Each of the previous familial Alzheimer’s disease studies was small. In this paper by Lopera and colleagues, the Colombian scientists retrospectively analyzed descendents of the largest-known cohort of autosomal-dominant Alzheimer’s, including 1,784 patients age 17 to 70 who came to Lopera for treatment and research between 1995 and 2010. This study is by far the biggest study of its kind. Four hundred forty-nine people carried the mutation. Four hundred ninety-nine non-carriers served to establish normal parameters on the battery of cognitive tests that the scientists administered to the participants at follow-ups every other year where possible. The studies are helping us get a better sense of the continuum of Alzheimer’s disease, from its asymptomatic stage into the mild cognitive impairment/prodromal stage, followed by the well characterized mild, moderate and severe dementia stage.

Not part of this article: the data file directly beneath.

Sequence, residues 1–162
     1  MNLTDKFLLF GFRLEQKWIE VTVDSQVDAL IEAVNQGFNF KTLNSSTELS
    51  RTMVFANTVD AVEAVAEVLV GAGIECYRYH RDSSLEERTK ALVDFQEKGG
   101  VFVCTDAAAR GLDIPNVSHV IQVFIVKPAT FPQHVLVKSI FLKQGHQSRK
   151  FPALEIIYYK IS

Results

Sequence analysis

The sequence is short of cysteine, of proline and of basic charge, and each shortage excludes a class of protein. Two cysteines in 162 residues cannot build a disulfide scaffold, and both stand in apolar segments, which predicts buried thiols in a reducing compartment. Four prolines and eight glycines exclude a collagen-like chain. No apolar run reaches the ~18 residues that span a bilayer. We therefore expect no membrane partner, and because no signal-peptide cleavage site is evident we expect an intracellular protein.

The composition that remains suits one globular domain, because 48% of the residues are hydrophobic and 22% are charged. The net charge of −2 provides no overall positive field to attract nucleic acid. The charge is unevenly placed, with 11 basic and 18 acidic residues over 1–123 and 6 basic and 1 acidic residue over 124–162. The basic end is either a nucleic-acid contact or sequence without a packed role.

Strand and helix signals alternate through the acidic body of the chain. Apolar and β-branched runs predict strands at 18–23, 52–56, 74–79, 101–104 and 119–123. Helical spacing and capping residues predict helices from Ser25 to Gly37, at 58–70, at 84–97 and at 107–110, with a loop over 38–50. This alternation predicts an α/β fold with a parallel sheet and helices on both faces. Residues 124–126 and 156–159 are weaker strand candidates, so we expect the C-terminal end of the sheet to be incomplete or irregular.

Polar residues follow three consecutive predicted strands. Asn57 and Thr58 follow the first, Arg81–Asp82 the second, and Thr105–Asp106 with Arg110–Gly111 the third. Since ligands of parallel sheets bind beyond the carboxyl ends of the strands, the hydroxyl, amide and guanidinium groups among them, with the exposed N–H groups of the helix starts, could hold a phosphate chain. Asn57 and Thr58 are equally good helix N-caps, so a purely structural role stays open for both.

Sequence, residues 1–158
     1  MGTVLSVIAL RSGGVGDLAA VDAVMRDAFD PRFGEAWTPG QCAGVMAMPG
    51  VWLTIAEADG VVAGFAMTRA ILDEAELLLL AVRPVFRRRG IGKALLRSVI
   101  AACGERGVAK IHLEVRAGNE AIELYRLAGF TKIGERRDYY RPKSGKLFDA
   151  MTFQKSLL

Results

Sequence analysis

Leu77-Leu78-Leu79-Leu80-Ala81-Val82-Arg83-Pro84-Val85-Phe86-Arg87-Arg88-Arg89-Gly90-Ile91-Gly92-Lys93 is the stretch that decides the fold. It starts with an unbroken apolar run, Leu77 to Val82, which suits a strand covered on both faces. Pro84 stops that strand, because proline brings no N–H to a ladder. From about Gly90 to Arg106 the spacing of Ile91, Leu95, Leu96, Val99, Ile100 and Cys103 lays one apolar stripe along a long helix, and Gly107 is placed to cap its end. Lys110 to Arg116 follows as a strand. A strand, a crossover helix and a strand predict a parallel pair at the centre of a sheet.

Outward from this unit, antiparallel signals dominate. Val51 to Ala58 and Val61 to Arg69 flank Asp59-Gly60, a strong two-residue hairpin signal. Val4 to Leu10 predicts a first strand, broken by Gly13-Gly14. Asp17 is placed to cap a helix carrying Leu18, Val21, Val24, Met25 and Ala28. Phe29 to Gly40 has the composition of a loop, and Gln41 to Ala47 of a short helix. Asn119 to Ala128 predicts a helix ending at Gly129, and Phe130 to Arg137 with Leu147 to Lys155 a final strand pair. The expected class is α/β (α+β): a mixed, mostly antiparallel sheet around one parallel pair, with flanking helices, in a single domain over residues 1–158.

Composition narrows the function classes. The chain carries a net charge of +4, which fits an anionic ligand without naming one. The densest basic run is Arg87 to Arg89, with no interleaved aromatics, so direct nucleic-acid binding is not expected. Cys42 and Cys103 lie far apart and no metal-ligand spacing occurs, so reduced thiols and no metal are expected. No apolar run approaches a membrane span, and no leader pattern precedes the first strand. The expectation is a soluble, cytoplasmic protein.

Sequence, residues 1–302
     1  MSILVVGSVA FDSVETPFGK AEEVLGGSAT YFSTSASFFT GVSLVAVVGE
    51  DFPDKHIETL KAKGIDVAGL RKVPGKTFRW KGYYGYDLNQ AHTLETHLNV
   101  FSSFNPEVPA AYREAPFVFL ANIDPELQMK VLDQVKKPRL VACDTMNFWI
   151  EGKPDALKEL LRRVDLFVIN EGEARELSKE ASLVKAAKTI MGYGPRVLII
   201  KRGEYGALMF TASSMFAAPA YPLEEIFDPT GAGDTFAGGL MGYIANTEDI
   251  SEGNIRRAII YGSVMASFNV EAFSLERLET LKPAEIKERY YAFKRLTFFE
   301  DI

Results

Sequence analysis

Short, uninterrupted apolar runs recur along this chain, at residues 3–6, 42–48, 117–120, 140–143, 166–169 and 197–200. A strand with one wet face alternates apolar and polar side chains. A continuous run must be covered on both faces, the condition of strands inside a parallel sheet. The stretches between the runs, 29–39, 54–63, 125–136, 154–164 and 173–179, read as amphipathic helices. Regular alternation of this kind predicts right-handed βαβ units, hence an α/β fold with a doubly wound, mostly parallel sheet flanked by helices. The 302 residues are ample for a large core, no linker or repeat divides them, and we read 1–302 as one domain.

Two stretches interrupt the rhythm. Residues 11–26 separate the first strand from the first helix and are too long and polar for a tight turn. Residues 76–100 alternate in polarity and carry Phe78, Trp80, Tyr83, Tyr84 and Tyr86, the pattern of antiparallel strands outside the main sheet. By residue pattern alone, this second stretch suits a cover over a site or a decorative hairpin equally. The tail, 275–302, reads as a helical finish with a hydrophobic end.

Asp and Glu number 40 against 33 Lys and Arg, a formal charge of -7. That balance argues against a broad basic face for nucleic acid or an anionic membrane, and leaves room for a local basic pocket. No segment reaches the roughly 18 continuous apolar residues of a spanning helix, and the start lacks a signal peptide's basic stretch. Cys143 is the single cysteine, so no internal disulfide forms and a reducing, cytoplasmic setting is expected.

Michael S. Rafii, M.D., Ph.D.
Associate Medical Core Director, Alzheimer’s Disease Cooperative Study
This post originally appeared in Alzheimer’s Insights, an ADCS Blog.

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Feb 102011
 

Dear Readers,

I often am asked about whether behavioral or personality “traits” are related to cognitive functioning. Specifically, can they “predict” if someone will transition from mild memory trouble ( i.e. Mild Cognitive impairment-MCI) to dementia? Part of this question was addressed in a recent article by Chan and colleagues in the American Journal of Psychiatry.